The scoring was better news for Mr. Reid than for Mr. Boehner, who quickly retreated from his bill once the budget office scored it on Tuesday night and was preparing to huddle with his caucus on Wednesday morning instead of moving to a vote on the floor.

House Republican leaders were forced on Tuesday night to delay a vote scheduled on their plan to raise the nation’s debt ceiling, as conservative lawmakers expressed skepticism and Mr. Boehner said he would come up with more cuts to satisfy the scorekeepers at the nonpartisan budget office.

The scramble to come up with a plan that could be put to a vote, now moved from Wednesday to Thursday, represents a test of Mr. Boehner’s ability to lead his restive caucus. The expected showdown over the legislation is the culmination of months of efforts by Tea Party-allied freshmen and fellow conservatives to demand a fundamentally smaller government in exchange for raising the federal borrowing limit.

Mr. Boehner, of Ohio, rolled out a two-stage plan on Monday that would allow the $14.3 trillion federal debt limit to rise immediately by about $1 trillion in exchange for $1.2 trillion in spending cuts. The plan tied a second increase early next year to the ability of a new bipartisan Congressional committee to produce more reductions.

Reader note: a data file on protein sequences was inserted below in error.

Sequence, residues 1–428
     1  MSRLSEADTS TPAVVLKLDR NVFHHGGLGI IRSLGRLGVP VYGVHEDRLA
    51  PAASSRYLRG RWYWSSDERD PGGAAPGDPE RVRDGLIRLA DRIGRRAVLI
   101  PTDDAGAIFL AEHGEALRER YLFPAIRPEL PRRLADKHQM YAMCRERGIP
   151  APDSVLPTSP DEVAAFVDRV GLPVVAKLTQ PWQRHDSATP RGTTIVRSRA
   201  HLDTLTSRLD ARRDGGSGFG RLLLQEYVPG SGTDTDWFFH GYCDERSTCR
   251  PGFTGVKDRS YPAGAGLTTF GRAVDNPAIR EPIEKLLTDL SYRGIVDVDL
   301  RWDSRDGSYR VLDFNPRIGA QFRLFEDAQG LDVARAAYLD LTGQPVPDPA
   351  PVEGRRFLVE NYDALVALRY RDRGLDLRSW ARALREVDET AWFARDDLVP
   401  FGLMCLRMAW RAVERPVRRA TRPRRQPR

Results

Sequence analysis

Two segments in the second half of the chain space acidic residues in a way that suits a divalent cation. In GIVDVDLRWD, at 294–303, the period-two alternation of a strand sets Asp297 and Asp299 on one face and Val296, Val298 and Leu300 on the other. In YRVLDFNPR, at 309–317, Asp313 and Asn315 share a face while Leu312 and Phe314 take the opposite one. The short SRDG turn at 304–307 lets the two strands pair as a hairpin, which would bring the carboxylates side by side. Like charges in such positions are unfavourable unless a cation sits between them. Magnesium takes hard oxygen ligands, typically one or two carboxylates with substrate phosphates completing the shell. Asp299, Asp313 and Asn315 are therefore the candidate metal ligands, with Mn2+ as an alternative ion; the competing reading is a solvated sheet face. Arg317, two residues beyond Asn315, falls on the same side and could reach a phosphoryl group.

The plan was met with skepticism — and in many cases outright rejection — by several conservative House members who said its savings did not go far enough. President Obama and most Congressional Democrats also have rejected the proposal, saying that it is only a short-term solution and that it could lead to market uncertainty and instability.

Republican leaders said they would probably rework it to in a way that would reflect the decreased savings by raising the debt limit by less than $850 billion. Such a change would mean that the Obama administration would need to make another request for an increase in a matter of months, making the deal even less palatable to Democrats.

“As we speak, Congressional staff are looking at options to adjust the legislation to meet our pledge,” Mr. Boehner said late Tuesday night in a prepared statement. “This is what can happen when you have an actual plan and submit it for independent review — which the Democrats who run Washington have refused to do.”
His spokesman, Mr. Buck, said on Wednesday that Mr. Reid, too, should rewrite his plan to account for the budget office’s critique.